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Foolproofing Open Source

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OSS

Imagine Bill Gates sends you an e-mail asking how Microsoft can improve the software license for Windows. He wants to make sure the legal language works better for your business.

Imagine that.

Well, that's exactly what is about to happen with Linux. It's yet another reminder of how Linux and open source are different -- but also good for business. Patents, intellectual property, and software licenses matter in open source. And the legal news on open source continues to be good for companies, consumers, governments, and developers of software.

STRONG FOOTING. Any discussion of open-source software and the law begins with software licenses. The GNU General Public License (GPL) is the world's most widely used open-source software license. It continues to be a very good license for different kinds of software.

The competitors to Linux and open source always stress the risk that users and companies face if they use this software to run their business. You may be surprised to learn that the GPL has never been successfully challenged in court since it was introduced in 1991. That's a very good thing to know if your business runs Linux.

The influence of the GPL extends far deeper than explaining the rights under which tens of millions of people can use software such as Linux. More than 70 percent of all open-source software relies on the GPL.

COURTING CONFUSION. Guess what? In the coming months, your company may very well hear from those involved in updating the GPL. The next version of the license is being drafted now under the direction of the Free Software Foundation. This may be the first time in history that customers themselves have been asked to help define the terms of a software license this important and widely used. That's good for everyone. It also gives another meaning to the "give back" provisions of the GPL. It's a practice that other software creators may want to embrace, I think.

Many advocates of open source, however, have been criticized for the proliferation of too many software licenses. I believe this criticism is justified. Part of my job as the CEO of Open Source Development Labs is working with the development community, large customers of Linux and open-source software, and global information-technology vendors to tap leading legal experts in the industry to try to halt this practice.

Who cares about a lot of licenses? You should.

Full Article.

More in Tux Machines

Leftovers: OSS

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  • Ostatic and Archphile Are Dead
    I’ve been meaning to write about the demise of Ostatic for a month or so now, but it’s not easy to put together an article when you have absolutely no facts. I first noticed the site was gone a month or so back, when an attempt to reach it turned up one of those “this site can’t be reached” error messages. With a little checking, I was able to verify that the site has indeed gone dark, with writers for the site evidently losing access to their content without notice. Other than that, I’ve been able to find out nothing. Even the site’s ownership is shrouded in mystery. The domain name is registered to OStatic Inc, but with absolutely no information about who’s behind the corporation, which has a listed address of 500 Beale Street in San Francisco. I made an attempt to reach someone using the telephone number included in the results of a “whois” search, but have never received a reply from the voicemail message I left. Back in the days when FOSS Force was first getting cranked up, Ostatic was something of a goto site for news and commentary on Linux and open source. This hasn’t been so true lately, although Susan Linton — the original publisher of Tux Machines — continued to post her informative and entertaining news roundup column on the site until early February — presumably until the end. I’ve reached out to Ms. Linton, hoping to find out more about the demise of Ostatic, but haven’t received a reply. Her column will certainly be missed.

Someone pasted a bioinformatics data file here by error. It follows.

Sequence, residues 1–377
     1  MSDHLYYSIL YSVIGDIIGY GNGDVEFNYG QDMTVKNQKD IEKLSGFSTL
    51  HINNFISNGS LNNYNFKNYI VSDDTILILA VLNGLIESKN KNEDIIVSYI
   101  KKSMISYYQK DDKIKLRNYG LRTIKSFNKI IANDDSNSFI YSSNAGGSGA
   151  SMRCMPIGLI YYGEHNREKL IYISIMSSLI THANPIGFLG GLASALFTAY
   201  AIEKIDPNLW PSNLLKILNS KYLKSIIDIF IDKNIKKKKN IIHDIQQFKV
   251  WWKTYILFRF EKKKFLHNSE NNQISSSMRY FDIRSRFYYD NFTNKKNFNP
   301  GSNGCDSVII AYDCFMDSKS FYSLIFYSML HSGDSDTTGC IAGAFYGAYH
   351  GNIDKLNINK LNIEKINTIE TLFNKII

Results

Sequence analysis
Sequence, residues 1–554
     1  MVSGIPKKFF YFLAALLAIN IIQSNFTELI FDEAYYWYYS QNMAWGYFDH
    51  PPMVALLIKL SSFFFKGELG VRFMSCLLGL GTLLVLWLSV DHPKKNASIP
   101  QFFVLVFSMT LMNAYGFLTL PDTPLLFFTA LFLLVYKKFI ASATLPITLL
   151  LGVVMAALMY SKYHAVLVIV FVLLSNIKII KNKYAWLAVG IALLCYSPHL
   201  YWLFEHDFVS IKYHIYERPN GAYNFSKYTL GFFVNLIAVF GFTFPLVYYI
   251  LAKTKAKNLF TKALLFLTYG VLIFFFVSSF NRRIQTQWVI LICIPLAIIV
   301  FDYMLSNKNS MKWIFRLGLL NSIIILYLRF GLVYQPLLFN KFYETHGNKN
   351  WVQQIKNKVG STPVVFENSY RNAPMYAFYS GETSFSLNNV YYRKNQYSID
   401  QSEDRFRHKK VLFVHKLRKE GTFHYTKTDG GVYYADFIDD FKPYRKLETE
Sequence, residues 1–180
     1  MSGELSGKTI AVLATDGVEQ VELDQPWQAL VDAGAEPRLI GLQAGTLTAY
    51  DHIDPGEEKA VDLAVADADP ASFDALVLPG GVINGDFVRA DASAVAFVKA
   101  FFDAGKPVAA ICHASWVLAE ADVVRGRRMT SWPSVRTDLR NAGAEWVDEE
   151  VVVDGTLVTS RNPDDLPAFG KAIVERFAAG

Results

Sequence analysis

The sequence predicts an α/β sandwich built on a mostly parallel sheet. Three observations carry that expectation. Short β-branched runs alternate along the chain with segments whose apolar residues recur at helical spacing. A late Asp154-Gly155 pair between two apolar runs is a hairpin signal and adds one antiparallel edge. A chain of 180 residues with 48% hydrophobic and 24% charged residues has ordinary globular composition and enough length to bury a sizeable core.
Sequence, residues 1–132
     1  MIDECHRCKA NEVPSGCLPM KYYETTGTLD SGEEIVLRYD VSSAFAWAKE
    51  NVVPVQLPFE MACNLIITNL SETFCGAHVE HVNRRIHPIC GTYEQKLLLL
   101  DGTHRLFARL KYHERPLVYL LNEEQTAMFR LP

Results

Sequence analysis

• This Week In Creative Commons History
    Since I'm here at the Creative Commons 2017 Global Summit this weekend, I want to take a break from our usual Techdirt history posts and highlight the new State Of The Commons report that has been released. These annual reports are a key part of the CC community — here at Techdirt, most of our readers already understand the importance of the free culture licensing options that CC provides to creators, but it's important to step back and look at just how much content is being created and shared thanks to this system. It also provides some good insight into exactly how people are using CC licenses, through both data and (moreso than in previous years) close-up case studies. In the coming week we'll be taking a deeper dive into some of the specifics of the report and this year's summit, but for now I want to highlight a few key points — and encourage you to check out the full report for yourself.
  • ASU’s open-source 'library of the stars' to be enhanced by NSF grant
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    Arizona State University has earned 14 National Science Foundation early career faculty awards, ranking second among all university recipients for 2017 and setting an ASU record. The awards total $7 million in funding for the ASU researchers over five years.

R1Soft's Backup Backport, TrustZone CryptoCell in Linux

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    The upcoming Linux 4.12 kernel cycle plans to introduce support for CryptoCell hardware within ARM's TrustZone.

Lakka 2.0 stable release!

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Leftovers: Gaming